Answers came…….Autism…….on the spectrum……..but they came, because I felt I had to push for them. Was I wrong? Was I sentencing him to a label…….a life different from his peers? Guilt washed over me as I struggled under that label……..knowing I was the one that helped fix it there. What did it mean for Sam? What did it mean for us? What would it do to our family? Where would Sam end up?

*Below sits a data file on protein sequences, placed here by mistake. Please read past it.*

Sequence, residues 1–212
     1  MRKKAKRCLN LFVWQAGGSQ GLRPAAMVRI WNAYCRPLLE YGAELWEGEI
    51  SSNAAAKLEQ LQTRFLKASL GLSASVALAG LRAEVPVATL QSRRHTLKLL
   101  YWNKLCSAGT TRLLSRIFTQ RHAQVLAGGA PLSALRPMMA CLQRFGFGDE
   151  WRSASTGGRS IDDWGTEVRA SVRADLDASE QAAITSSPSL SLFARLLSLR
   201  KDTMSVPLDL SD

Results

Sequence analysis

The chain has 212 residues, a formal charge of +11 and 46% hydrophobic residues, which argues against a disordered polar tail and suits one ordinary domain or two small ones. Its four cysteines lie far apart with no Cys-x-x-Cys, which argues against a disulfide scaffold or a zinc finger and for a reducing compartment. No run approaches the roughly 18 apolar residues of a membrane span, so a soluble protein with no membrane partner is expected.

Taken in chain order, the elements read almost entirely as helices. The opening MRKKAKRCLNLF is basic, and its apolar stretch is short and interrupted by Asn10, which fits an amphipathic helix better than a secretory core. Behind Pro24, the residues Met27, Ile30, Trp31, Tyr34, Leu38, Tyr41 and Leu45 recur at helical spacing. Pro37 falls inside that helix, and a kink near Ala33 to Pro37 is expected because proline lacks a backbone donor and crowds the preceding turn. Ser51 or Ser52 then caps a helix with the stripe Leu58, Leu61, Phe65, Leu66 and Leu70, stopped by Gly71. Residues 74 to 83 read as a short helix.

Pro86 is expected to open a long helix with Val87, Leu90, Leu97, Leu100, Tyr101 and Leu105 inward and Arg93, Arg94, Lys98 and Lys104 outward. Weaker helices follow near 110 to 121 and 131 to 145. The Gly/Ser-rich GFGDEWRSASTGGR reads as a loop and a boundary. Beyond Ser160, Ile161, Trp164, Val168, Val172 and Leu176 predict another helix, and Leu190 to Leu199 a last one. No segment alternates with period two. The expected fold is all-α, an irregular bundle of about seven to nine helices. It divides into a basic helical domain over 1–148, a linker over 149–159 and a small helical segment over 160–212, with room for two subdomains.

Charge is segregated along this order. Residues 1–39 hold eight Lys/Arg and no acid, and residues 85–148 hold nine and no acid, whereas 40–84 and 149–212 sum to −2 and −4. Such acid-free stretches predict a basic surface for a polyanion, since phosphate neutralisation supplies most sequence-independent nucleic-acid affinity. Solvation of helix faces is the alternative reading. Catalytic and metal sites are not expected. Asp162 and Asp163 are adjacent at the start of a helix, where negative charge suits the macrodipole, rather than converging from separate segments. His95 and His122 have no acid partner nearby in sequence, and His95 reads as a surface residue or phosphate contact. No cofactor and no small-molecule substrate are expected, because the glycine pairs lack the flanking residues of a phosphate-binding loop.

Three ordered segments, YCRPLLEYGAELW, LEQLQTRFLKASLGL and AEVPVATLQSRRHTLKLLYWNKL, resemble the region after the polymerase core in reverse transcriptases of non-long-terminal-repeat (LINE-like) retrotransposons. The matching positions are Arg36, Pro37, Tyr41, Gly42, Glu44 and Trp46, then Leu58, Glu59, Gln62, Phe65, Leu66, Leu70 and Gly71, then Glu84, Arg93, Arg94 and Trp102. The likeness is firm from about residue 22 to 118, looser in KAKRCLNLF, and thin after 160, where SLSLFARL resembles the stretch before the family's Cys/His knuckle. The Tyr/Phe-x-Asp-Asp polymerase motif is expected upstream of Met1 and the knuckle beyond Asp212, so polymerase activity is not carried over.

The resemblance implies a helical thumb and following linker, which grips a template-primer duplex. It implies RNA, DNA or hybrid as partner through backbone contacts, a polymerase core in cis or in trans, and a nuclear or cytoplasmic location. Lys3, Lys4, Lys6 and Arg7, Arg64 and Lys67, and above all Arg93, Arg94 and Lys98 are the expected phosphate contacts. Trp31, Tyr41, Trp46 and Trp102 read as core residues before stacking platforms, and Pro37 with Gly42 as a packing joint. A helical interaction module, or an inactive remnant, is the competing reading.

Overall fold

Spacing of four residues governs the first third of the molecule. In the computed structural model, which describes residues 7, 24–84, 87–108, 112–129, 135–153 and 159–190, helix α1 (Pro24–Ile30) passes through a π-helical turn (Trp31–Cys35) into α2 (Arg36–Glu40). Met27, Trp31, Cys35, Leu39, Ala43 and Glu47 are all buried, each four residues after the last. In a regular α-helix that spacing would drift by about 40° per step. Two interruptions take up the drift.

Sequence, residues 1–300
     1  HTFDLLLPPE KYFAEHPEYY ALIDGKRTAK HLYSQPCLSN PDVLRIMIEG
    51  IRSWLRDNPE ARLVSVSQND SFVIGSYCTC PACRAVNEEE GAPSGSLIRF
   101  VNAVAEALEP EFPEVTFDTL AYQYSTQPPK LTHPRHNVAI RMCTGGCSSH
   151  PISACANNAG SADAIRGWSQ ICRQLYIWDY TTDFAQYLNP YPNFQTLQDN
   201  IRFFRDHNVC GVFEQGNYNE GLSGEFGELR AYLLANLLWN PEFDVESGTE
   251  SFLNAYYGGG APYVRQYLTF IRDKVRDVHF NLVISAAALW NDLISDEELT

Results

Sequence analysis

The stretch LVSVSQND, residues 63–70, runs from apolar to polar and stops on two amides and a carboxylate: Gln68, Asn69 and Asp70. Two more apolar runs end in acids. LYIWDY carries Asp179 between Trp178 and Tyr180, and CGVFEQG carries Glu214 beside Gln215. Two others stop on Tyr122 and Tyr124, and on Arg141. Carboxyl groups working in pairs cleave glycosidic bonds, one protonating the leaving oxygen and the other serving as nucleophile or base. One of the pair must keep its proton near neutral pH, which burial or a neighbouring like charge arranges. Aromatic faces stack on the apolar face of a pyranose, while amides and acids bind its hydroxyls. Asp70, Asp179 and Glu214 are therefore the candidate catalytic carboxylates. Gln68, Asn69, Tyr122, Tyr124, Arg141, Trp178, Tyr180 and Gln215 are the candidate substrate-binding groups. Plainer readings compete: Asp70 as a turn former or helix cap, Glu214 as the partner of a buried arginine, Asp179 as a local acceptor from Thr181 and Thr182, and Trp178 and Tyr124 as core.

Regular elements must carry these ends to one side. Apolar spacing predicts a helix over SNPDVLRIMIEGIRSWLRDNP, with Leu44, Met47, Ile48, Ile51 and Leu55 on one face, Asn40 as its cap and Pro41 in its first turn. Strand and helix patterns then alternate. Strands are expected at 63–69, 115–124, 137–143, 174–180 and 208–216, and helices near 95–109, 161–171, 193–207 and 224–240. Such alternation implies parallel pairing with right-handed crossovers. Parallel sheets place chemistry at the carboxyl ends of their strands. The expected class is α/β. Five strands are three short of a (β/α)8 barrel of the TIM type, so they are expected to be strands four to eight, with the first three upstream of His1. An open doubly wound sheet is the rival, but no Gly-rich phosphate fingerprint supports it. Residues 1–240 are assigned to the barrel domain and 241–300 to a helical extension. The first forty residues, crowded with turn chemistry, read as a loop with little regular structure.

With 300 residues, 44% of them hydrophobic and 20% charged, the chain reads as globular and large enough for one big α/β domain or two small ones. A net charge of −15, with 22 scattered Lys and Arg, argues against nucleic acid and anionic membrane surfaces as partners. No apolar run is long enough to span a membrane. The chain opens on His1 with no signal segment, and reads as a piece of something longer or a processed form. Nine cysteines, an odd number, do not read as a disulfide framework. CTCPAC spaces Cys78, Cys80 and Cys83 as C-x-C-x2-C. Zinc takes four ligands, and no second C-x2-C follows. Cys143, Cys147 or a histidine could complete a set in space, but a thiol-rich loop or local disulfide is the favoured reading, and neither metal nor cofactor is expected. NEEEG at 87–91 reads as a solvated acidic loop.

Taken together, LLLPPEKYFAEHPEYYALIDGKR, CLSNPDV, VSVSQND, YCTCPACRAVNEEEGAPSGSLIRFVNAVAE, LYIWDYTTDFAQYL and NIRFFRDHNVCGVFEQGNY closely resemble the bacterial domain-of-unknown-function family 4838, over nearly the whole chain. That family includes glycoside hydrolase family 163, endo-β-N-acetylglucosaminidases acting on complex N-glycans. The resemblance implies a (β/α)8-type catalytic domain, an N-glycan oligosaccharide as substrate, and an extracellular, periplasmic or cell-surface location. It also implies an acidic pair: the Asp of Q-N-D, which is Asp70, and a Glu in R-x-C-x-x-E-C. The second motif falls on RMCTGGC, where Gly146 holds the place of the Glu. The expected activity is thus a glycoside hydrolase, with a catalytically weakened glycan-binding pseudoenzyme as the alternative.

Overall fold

For Sam, it meant finally getting some amazing people in our lives that offered help. ADA therapy, nutritional diets, nutritional supplements, modifying his environment, making people aware of his needs, special teachers, special aides, setting him apart from other ‘normal’ children. It meant explaining what ‘echolalia’ is to others when they asked why Sam repeated all of his sentences back. It meant aides who although trying to help him in class, actually separated him from his peers. For Sam it meant that his big brother was continually embarressed by his lack of social barriers and social graces and his outbursts at social events. It meant labels, such as ‘developmentally delayed’, ‘autism spectrum disorder’, speech difficulties, ‘behavioral disorders’………labels for everything that didn’t seem ‘typical.’